Before I start reviewing books, can we please just take a moment to celebrate the fact that this blog post celebrates a small landmark?
The official finishing of the Black and Red notebook I got for free from work, and the moving on to my snazzy emerald Leuchtturm lined notebook which I bought with some winnings from a sweepstake at work. Despite actually finishing the notebook last September, I wasn't actually officially able to retire it (read: label it and move it onto my bookshelf with my other books) because I was still using it for these blog posts. Until now... or rather, last week. Whatever.
You're probably here for the book review, not the inane waffling about which notebook I'm writing my book reviews in, right? Side note: if you blog about which notebook you write your book reviews in, share the link in the comments, I would read the heck out of that post!
Firstly there was the book I read for Week 36 of the reading challenge; a book with a love triangle. For that one I selected Never Let Me Go by Kazuo Ishiguro.
This is set in a sort of alternative version of Britain where cloning has been perfected. These clones are raised to donate their organs to the people who need them and the story follows Kathy, Tommy and Ruth, beginning in their school years where they attend a rural boarding school as we, and they, gradually learn what waits in store for them in their adult years.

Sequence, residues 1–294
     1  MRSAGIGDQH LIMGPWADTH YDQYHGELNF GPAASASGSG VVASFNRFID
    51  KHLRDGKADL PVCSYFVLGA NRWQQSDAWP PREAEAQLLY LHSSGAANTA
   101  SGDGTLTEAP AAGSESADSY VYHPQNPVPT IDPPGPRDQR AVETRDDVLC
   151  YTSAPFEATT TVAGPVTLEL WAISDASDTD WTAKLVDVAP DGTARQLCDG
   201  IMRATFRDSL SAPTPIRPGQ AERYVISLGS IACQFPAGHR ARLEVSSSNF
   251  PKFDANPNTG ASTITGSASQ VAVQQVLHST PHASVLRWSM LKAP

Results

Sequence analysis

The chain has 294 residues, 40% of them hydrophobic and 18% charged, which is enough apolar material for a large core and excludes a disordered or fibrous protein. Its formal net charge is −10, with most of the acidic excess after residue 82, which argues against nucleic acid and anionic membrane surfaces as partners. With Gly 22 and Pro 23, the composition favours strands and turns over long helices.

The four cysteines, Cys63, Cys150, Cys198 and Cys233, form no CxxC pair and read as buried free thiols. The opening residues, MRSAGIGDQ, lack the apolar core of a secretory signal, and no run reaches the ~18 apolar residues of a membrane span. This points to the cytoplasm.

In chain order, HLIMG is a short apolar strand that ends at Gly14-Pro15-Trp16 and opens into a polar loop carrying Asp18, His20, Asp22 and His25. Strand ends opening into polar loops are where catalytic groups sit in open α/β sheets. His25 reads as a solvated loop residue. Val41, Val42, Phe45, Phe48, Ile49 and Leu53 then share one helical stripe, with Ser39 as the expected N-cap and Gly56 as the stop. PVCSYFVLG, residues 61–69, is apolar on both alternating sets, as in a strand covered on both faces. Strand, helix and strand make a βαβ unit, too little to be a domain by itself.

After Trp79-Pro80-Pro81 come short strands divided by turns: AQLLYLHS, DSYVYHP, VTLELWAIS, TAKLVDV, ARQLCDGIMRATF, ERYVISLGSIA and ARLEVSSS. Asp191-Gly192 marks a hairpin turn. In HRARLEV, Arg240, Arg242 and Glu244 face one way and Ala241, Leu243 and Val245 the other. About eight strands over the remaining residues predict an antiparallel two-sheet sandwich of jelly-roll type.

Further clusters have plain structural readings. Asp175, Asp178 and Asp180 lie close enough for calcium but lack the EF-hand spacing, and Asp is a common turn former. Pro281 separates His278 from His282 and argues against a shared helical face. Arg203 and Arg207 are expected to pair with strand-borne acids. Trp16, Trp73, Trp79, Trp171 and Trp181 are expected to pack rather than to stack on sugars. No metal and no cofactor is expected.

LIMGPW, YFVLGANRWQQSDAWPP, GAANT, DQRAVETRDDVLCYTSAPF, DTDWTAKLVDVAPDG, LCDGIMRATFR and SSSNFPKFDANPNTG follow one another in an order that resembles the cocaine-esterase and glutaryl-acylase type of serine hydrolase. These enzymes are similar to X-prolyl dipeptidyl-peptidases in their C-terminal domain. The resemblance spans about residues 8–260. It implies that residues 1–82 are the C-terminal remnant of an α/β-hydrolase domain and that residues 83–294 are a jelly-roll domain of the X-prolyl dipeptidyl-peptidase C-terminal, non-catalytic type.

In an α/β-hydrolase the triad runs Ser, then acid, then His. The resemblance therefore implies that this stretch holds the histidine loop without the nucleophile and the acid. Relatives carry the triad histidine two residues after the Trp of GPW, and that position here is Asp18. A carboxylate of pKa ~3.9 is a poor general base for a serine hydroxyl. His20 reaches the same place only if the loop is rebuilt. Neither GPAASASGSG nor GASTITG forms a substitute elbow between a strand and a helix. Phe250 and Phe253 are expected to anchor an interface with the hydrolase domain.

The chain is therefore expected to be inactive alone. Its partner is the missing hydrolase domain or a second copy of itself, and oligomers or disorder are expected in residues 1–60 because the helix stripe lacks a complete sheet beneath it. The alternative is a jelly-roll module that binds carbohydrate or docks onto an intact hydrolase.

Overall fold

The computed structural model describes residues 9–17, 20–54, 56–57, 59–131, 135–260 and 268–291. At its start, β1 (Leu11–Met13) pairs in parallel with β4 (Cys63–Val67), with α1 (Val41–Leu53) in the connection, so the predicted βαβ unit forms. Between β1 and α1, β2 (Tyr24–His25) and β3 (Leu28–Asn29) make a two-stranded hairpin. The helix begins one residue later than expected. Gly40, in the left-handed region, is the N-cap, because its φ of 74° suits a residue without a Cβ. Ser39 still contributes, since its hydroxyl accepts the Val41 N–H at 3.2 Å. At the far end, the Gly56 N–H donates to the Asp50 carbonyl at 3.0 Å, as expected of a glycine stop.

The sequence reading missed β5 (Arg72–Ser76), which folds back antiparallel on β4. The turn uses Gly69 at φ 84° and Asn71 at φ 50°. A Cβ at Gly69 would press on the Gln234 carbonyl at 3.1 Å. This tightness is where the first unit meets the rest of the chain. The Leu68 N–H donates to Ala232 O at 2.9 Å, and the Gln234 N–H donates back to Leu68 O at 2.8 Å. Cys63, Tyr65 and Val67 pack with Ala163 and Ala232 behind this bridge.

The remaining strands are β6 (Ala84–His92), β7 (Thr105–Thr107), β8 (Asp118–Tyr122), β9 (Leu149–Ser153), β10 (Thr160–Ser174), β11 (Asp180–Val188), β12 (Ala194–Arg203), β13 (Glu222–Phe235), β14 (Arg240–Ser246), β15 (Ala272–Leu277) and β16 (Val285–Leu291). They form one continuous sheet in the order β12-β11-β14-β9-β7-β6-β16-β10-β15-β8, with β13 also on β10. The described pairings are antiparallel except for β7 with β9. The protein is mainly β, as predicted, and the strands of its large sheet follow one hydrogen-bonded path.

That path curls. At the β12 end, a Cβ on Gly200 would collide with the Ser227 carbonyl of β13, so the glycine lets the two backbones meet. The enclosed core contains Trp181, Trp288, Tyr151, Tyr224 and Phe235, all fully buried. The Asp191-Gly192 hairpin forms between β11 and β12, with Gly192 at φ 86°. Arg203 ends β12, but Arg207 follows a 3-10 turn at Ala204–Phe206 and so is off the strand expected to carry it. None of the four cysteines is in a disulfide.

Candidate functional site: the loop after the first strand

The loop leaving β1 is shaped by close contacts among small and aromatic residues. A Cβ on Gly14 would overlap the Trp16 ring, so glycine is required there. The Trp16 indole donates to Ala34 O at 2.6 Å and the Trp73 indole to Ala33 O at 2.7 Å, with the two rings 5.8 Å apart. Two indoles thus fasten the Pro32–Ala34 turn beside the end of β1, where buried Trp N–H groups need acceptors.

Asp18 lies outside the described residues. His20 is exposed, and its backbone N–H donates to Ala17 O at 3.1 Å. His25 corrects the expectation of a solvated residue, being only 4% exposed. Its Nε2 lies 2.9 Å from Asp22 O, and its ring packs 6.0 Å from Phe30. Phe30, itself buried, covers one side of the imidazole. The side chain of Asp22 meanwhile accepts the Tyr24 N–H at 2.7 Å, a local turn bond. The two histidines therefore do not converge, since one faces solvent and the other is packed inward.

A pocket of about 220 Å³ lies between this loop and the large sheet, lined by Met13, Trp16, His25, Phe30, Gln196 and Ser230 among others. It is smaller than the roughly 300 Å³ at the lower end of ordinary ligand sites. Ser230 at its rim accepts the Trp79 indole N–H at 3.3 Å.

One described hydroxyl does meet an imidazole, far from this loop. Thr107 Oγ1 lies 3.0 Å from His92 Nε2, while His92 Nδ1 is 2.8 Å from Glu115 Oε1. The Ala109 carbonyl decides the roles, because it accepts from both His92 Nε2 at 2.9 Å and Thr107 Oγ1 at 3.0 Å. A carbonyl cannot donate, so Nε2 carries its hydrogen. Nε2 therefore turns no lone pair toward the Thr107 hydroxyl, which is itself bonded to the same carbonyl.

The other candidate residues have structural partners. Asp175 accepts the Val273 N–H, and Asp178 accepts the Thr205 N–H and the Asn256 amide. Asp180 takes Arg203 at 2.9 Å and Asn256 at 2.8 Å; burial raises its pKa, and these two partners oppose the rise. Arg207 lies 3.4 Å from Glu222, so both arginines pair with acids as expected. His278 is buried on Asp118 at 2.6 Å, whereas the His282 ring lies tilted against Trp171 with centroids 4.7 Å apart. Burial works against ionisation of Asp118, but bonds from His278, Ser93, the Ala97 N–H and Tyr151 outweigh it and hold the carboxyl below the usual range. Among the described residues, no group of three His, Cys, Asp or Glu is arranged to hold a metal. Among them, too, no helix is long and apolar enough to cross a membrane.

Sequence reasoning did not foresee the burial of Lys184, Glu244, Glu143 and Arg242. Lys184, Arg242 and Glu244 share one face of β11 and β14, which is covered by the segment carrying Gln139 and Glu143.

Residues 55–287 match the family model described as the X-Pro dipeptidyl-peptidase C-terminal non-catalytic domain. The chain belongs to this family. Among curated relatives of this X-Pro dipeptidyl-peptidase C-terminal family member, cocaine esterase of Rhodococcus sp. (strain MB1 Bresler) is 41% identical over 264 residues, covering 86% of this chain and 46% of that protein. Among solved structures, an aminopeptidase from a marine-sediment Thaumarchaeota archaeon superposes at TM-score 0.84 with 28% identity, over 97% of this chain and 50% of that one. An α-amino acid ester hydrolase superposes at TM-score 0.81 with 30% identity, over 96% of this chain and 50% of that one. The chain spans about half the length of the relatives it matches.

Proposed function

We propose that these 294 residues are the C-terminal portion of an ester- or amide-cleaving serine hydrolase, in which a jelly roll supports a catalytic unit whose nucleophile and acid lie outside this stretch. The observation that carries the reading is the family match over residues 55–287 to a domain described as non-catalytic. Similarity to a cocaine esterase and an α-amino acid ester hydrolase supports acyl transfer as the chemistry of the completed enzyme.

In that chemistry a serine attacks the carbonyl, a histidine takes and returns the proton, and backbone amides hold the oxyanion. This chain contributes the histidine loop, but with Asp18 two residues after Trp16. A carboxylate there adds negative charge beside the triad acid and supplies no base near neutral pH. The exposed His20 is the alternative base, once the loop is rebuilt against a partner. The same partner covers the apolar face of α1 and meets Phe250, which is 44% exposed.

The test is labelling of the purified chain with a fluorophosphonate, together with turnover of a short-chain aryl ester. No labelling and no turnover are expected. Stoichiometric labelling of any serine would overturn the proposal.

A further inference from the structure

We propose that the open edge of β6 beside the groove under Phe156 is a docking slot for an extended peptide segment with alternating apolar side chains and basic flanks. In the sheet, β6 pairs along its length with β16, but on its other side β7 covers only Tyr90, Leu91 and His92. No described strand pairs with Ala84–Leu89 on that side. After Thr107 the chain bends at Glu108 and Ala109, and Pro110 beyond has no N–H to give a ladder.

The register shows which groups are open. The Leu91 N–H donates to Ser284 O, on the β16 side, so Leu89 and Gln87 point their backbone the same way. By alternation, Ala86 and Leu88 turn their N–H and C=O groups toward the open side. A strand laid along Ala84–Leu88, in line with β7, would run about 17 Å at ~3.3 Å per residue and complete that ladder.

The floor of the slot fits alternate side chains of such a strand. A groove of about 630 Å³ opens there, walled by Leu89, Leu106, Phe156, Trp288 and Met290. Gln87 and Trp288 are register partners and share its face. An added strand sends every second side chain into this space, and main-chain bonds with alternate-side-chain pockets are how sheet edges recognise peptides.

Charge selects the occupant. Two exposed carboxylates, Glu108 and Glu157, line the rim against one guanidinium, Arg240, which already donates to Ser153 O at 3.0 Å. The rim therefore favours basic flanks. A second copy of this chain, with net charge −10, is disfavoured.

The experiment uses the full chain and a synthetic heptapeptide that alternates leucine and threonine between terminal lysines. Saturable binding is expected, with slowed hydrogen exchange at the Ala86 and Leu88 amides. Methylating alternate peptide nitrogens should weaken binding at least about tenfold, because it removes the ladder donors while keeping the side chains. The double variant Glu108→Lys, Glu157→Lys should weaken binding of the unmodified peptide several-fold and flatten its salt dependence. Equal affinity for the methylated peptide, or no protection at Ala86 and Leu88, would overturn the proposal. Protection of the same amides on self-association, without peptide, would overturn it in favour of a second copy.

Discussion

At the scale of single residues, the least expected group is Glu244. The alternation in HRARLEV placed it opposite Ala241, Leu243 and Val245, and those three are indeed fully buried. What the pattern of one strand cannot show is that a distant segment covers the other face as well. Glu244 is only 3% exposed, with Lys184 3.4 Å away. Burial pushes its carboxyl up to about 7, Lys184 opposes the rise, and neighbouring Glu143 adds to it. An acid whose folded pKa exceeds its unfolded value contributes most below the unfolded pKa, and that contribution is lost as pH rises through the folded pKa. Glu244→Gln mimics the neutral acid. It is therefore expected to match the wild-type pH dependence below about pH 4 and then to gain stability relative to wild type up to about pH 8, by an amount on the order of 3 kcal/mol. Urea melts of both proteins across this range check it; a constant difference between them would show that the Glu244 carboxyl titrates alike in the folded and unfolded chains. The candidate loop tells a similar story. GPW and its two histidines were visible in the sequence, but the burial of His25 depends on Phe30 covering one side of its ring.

I first read this book as part of a 'book tree' many years ago. I immediately fell in love. I don't remember right now, without checking my notes, just how quickly I read it, but it didn't take me long. I devoured it. I kept on looking out for a copy of my own and in the end I wanted it so badly that I put aside my book snobbishness and went ahead to get the movie cover copy in a charity shop.
I still love this book but it does kind of frustrate me too. But in a good way. In the same way that Harry Potter frustrates me. Because I love the world that has been created here and I would like to know more about it, but all you have is what's given to you in the pages of this book. It doesn't stop me from wondering how the donor system works, what the other homes are like and how the world reached this point, but it frustrates me that I'll never really know.
The way that the story is told is really clever. You get little dribs and drabs of information which gradually build everything up. I've seen the film a couple of times and read the book a couple of times too and now I know how everything goes together. Back when I read it for the first time this approach made me feel like I had to know everything right now! And that's what made me get through it so quickly.
I also like the way that Kathy narrates the story. It's like she's speaking to another carer, donor or guardian, which is why she doesn't need to explain everything, because she expects them to already know. This adds to my feeling of wanting to reach into the book and ask her tell me more because I don't know all of these things.
At the same time, I can kind of relate to Kathy and the way that she sees the world. The way that she sees the world is not dissimilar to the way I view the world. That makes me like her a lot.
This reread (back at the beginning of September last year) made me want to watch the film again. As of this point (almost exactly a year later), I'm still yet to do that. I really must pick up a copy of it someplace. I'm fairly certain that the film stayed close to the book but I feel like a rewatch (and after all this time, perhaps another reread) to be sure.